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Nuclear Terrorism after 9/11
     

Nuclear Terrorism after 9/11

by Robin M. Frost
 

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The very mention of nuclear terrorism is enough to rouse strong reactions, and understandably so, because it combines the most terrifying weapons and the most threatening of people in a single phrase. The possibility that terrorists could obtain and use nuclear weapons deserves careful analysis, but discussion has all too often been contaminated with exaggeration,

Overview

The very mention of nuclear terrorism is enough to rouse strong reactions, and understandably so, because it combines the most terrifying weapons and the most threatening of people in a single phrase. The possibility that terrorists could obtain and use nuclear weapons deserves careful analysis, but discussion has all too often been contaminated with exaggeration, even hysteria. For example, it has been claimed that nuclear terrorism poses an ‘existential threat’ to the United States.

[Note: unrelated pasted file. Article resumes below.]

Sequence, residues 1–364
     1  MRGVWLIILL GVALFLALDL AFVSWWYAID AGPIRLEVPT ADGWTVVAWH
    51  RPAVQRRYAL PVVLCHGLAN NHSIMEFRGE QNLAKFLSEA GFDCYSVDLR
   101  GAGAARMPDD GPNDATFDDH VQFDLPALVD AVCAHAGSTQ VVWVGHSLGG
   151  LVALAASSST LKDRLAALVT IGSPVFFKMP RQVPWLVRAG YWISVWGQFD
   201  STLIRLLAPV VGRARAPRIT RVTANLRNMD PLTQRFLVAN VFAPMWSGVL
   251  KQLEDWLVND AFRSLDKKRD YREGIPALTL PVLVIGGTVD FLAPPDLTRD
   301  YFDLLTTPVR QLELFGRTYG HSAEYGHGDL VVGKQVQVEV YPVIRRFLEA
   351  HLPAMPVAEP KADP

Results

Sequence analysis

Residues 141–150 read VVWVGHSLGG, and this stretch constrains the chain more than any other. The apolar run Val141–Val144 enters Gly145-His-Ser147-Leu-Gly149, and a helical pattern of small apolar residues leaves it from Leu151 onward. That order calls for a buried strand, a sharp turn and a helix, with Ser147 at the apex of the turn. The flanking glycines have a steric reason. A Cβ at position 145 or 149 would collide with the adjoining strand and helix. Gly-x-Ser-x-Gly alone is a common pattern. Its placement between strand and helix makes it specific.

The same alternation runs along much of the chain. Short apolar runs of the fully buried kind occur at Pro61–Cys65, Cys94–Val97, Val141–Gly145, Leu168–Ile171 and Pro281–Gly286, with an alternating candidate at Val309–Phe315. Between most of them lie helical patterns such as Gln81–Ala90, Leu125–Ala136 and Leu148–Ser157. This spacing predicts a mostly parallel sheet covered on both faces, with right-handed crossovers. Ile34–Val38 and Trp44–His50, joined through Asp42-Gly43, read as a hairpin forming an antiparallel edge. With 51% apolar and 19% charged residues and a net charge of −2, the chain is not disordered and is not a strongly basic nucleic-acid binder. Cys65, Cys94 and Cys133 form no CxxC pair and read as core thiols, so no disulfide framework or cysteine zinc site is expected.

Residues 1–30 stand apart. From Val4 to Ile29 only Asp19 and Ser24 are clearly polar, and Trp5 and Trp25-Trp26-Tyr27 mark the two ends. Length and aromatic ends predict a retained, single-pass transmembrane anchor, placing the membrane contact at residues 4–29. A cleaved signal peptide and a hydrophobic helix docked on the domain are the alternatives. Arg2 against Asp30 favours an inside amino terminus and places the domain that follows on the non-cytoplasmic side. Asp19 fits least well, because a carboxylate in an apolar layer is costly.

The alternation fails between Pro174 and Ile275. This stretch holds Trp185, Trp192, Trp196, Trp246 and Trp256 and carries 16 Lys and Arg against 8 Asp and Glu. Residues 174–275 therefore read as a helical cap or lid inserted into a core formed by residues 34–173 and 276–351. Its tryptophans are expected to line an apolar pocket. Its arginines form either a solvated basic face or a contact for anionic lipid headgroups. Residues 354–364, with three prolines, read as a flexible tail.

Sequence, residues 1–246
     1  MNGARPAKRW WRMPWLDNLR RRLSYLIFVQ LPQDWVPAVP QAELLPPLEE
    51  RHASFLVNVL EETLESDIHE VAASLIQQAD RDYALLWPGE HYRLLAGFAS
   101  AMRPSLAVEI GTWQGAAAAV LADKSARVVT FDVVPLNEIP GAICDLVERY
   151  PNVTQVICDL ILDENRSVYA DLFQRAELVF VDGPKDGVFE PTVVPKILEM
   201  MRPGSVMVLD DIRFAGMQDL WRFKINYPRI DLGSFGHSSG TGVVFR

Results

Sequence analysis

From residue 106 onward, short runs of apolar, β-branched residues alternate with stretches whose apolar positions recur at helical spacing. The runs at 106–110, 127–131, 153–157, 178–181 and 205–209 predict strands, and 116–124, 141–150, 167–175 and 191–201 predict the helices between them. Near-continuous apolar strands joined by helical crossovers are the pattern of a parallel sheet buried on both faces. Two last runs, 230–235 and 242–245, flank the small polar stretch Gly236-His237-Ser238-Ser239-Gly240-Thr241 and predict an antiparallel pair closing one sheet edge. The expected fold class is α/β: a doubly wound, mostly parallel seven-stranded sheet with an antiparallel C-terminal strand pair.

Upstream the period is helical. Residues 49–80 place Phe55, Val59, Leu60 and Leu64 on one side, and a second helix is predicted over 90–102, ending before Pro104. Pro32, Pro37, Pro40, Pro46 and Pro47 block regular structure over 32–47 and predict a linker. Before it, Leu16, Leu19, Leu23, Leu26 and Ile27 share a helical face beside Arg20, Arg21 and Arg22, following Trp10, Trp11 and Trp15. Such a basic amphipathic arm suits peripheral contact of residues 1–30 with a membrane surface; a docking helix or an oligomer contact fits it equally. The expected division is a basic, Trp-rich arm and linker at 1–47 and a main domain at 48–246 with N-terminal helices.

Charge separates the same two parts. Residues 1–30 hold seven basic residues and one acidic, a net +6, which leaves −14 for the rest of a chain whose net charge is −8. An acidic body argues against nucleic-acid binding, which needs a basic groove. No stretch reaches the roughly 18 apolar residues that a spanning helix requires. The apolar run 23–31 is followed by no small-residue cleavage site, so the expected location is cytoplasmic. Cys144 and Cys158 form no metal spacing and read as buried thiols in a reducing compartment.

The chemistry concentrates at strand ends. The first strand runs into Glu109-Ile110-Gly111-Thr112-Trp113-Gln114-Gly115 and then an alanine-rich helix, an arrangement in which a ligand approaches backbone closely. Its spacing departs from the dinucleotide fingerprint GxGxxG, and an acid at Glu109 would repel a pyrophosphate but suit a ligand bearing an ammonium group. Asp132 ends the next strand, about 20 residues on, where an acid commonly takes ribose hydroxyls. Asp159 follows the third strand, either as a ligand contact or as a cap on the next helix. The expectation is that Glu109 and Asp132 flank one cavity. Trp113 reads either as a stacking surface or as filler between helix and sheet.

This Adelphi Paper develops a more measured analysis of the risk of terrorists detonating a true fission device. The problem is attacked from two perspectives: the considerable, possibly insurmountable, technical challenges involved in obtaining a functional nuclear weapon, whether ‘home-made’ or begged, borrowed or stolen from a state arsenal; and the question of the strategic, political and psychological motivations to ‘go nuclear’. The conclusions are that nuclear terrorism is a less significant threat than is commonly believed, and that, among terrorists, Muslim extremists are not the most likely to use nuclear weapons.

Product Details

ISBN-13:
9780415399920
Publisher:
Taylor & Francis
Publication date:
03/16/2006
Series:
Adelphi Series , #378
Edition description:
1ST
Pages:
144
Product dimensions:
6.25(w) x 9.25(h) x 0.19(d)

Meet the Author

Robin M. Frost is an analyst with the Government of Canada. He holds degrees in political science, psychology, and journalism, and has published papers on nuclear terrorism, nuclear proliferation, and other subjects. He previously worked as an academic, as a broadcast news journalist, and in the software industry.

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